To assess the effect of pregnancy planning on maternal and neonatal outcomes in women with Type 1 diabetes.
Pregnancy planning was assessed retrospectively in a cohort of women who participated in the Diabetes and Pre-eclampsia Intervention Trial (DAPIT). Pregnancy planning was determined based on self-report as to whether pregnancy was planned or unplanned. The effect of pregnancy planning on maternal and neonatal outcomes was examined, controlling for confounding variables.
A total of 747 women were included in the study, of whom 39% considered their pregnancy unplanned. Characteristics associated with unplanned pregnancy included being younger (P<0.001), being a current smoker (P<0.001), being from a lower social class (P<0.001) and having higher HbA1c values prior to and throughout pregnancy (P≤0.005). Significantly fewer women with unplanned vs planned pregnancies received pre-pregnancy counselling (24% vs 64%; P<0.001). Infants of women with unplanned pregnancies were more likely to be small for gestational age (<5th centile; P=0.004), to be admitted to the neonatal care unit (P=0.001) and to have a longer stay in hospital (P=0.01). Outcomes did not differ between the groups in relation to pre-eclampsia, congenital malformations or a composite adverse outcome.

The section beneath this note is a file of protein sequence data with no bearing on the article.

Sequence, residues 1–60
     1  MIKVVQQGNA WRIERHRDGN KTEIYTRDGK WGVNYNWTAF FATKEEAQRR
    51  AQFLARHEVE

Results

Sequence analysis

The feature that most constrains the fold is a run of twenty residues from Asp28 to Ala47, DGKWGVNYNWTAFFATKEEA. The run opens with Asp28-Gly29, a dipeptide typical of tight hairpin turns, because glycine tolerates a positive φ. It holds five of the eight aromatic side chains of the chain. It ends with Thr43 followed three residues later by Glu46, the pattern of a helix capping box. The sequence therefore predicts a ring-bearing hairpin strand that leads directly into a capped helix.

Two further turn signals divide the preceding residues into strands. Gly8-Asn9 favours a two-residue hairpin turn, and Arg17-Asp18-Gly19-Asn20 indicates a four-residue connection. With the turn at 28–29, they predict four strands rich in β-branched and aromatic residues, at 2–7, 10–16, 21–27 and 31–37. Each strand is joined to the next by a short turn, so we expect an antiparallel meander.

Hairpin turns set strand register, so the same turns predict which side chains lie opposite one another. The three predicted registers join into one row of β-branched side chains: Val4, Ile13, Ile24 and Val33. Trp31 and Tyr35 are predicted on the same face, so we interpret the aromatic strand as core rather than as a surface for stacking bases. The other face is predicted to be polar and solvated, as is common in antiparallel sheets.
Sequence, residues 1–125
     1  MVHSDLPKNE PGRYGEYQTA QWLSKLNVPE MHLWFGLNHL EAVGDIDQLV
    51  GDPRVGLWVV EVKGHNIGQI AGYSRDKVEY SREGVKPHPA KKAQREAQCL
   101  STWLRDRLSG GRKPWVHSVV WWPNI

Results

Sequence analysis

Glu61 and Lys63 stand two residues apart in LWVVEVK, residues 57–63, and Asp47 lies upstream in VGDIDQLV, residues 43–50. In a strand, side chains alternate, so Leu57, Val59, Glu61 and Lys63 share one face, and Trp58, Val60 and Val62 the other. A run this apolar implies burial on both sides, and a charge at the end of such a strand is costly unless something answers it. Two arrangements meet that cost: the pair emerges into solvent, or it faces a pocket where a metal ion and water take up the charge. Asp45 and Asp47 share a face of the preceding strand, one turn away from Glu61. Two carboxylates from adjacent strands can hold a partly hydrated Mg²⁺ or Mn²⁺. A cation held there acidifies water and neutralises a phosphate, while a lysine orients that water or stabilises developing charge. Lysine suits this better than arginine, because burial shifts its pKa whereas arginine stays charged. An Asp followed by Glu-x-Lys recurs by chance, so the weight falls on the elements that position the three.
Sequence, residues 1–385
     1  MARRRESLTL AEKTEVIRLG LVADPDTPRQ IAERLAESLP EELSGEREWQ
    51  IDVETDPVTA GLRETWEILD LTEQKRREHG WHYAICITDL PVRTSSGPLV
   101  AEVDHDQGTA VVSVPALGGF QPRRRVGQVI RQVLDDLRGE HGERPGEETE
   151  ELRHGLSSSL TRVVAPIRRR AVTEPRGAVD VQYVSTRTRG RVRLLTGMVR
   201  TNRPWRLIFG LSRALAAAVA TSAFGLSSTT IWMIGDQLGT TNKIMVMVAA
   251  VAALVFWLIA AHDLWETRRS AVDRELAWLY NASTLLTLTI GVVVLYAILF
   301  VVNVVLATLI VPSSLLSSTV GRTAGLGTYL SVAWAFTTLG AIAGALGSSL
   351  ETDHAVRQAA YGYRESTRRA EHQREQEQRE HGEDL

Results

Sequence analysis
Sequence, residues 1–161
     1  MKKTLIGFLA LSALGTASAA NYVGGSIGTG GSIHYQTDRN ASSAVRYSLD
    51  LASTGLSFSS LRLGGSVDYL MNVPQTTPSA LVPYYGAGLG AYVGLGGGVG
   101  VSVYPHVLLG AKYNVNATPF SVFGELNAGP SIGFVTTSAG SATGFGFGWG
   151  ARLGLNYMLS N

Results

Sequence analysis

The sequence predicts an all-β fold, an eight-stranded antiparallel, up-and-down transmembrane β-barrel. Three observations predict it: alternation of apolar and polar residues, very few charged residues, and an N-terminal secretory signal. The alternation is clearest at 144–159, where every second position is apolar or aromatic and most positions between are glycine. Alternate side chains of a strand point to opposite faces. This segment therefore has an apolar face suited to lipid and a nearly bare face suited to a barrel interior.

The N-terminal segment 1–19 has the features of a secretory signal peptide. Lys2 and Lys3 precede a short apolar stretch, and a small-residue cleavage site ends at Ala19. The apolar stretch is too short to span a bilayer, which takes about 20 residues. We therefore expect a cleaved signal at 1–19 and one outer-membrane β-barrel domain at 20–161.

Risks associated with diabetes in pregnancy need to be highlighted to all women, their partners and families, and healthcare professionals. Further research is required to determine if these groups are fully aware of the risks associated with diabetes in pregnancy.